UN watchdog tells Iran to stop enriching uranium, sets review deadline
VIENNA (AFP) Sep 19, 2004
The UN atomic agency called on Iran to "immediately" suspend all activities related to the enrichment of uranium as it also set a November 25 deadline for a full review of Iran's alleged nuclear weapons program.
Iran reacted to the resolution Saturday by the UN watchdog International Atomic Energy Agency (IAEA) by saying it would cooperate but warned it may defy the agency's call to suspend uranium enrichment, the process for making fuel for nuclear reactors but also the explosive material for atomic bombs.
"The key thing is that Iran is now confronted with an ultimatum," non-proliferation expert Gary Samore told AFP in a telephone interview.
The compromise resolution worked out by the hardline United States and Europe's more conciliatory three main states, Britain, France and Germany, was "a victory for both American and European diplomacy," said Samore, a senior fellow at London's International Institute for Strategic Studies (IISS).
Britain, France and Germany had submitted the resolution, strongly opposed by non-aligned countries which fear imposing a deadline on Iran to suspend uranium enrichment could set a precedent for depriving developing nations of peaceful nuclear technology.
"The resolution was adopted by consensus, without a vote," International Atomic Energy Agency spokeswoman Melissa Fleming told reporters at a meeting of the IAEA's 35-nation board of governors, as the board voted not to consider the non-aligned movement's amendments to the text.
The United States claims Iran is secretly developing nuclear weapons and has been lobbying strongly for decisive action against the Islamic Republic.
Washington had pressed for an October 31 ultimatum for Tehran to fully suspend uranium enrichment and report on its other activities to the IAEA, and for Iran to be automatically referred to the UN Security Council for possible sanctions if it failed to do so.
But in a compromise, the United States and the so-called Euro 3 set a November 25 deadline for a full review of Iran's nuclear program and called on Tehran to "immediately" suspend all uranium enrichment activities, with this also being reviewed in November.
No specific IAEA action was stipulated, as the resolution's paragraph said the IAEA board "will decide whether or not further steps are appropriate" instead of speaking of steps being "required" as the United States had wished.
But Samore said a "de facto ultimatum" was still there since the ball is now in Tehran's court.
US delegation chief Jackie Sanders said "this resolution sends an unmistakable signal to Iran that continuing its nuclear weapons program will bring it inevitably before the Security Council."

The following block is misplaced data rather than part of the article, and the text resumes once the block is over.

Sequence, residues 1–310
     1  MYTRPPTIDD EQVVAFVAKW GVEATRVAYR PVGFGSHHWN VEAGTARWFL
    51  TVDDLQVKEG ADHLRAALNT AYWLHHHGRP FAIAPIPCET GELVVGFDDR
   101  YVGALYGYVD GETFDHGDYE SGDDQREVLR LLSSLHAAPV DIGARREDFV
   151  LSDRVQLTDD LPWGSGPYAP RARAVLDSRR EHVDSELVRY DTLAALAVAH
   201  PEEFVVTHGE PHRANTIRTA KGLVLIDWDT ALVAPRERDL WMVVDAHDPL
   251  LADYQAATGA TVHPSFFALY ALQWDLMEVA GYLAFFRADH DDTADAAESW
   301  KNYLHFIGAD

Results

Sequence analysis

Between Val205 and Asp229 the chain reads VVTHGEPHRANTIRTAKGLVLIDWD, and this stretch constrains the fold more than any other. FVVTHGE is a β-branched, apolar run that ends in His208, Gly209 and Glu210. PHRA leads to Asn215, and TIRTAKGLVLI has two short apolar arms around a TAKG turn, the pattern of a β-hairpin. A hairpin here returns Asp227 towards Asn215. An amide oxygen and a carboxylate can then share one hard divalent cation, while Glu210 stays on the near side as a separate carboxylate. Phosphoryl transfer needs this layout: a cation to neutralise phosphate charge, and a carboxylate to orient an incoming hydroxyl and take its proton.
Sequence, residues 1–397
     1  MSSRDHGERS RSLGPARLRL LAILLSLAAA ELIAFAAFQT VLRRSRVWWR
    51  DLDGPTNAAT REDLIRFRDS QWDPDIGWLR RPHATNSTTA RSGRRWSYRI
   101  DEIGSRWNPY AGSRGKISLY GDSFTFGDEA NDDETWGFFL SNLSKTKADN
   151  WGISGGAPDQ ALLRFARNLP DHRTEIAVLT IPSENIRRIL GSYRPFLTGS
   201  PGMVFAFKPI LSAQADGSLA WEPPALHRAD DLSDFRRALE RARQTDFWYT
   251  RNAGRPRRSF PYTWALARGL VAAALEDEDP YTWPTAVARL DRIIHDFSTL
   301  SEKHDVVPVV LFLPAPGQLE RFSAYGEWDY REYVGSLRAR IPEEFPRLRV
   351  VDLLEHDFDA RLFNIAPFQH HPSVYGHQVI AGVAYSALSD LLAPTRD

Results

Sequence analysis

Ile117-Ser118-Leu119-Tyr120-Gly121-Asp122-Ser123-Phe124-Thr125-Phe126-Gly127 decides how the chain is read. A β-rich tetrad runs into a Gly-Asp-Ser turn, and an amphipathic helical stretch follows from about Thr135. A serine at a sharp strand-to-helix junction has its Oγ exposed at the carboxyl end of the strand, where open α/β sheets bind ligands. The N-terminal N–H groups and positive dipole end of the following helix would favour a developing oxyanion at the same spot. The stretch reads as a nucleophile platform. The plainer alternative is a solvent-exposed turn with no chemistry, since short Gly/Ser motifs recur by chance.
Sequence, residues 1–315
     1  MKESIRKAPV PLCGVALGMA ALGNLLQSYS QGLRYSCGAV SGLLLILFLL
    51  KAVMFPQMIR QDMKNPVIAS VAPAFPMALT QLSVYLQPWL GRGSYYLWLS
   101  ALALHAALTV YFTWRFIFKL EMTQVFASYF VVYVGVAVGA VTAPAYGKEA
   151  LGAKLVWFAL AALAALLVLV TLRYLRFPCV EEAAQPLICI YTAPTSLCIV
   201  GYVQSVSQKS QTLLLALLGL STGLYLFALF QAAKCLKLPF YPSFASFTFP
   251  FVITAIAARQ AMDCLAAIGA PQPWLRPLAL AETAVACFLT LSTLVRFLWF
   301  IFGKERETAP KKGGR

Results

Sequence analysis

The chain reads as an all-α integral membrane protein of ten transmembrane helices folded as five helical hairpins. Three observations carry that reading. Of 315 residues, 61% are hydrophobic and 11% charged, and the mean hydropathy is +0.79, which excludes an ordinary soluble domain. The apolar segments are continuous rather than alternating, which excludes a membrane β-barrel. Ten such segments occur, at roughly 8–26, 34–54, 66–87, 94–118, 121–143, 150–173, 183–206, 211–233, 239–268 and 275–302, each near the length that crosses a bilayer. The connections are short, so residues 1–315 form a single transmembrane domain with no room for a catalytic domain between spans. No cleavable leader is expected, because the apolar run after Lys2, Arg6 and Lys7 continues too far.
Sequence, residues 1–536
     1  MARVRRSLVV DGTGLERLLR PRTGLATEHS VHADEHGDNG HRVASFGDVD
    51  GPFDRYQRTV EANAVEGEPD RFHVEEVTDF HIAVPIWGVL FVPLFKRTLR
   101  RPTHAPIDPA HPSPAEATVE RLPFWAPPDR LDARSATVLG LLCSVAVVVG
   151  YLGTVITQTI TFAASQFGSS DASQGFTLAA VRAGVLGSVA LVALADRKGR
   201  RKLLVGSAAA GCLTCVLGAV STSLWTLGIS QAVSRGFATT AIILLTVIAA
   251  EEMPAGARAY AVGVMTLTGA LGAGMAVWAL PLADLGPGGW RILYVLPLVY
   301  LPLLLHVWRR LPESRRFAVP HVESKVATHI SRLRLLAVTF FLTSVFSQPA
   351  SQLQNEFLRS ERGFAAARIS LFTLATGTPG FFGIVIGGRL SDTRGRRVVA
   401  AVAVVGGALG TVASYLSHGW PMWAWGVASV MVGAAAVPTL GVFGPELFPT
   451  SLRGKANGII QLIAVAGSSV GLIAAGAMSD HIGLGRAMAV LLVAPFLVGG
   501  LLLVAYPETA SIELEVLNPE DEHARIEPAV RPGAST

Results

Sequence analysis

US Under Secretary of State for non-proliferation issues John Bolton told AFP from Washington that "closing the tactical gap" between the United States and the Euro 3 about how to handle Iran had been the key to getting the resolution adopted.
He said that maintaining a tough line in November will hinge "on the attitude of the EU 3," countries which in the past have favored constructive engagement rather than US-urged confrontation with Iran.
Iranian delegation chief Hossein Mousavian said Iran would continue to cooperate with the IAEA but felt free to resume uranium enrichment if it so decides, as this is allowed under the nuclear Non-Proliferation Treaty (NPT).
He said Iran would decide in the next "two or three days" whether to resume enriching uranium.
Iran suspended enrichment in October 2003 as a confidence-building measure but has continued support activities such as building the centrifuges that refine the uranium.
It recently alarmed the United States by saying that it would be carrying out the first stage of the nuclear fuel cycle, making the uranium gas that is the feed for centrifuges.
IAEA chief Mohamed ElBaradei said however that Iran must suspend all enrichment activities in order to restore confidence after having hid its nuclear activities for almost two decades, as the IAEA has documented in reports in an investigation that began in February 2003.All rights reserved. © 2005 Agence France-Presse. Sections of the information displayed on this page (dispatches, photographs, logos) are protected by intellectual property rights owned by Agence France-Presse. As a consequence, you may not copy, reproduce, modify, transmit, publish, display or in any way commercially exploit any of the content of this section without the prior written consent of Agence France-Presse.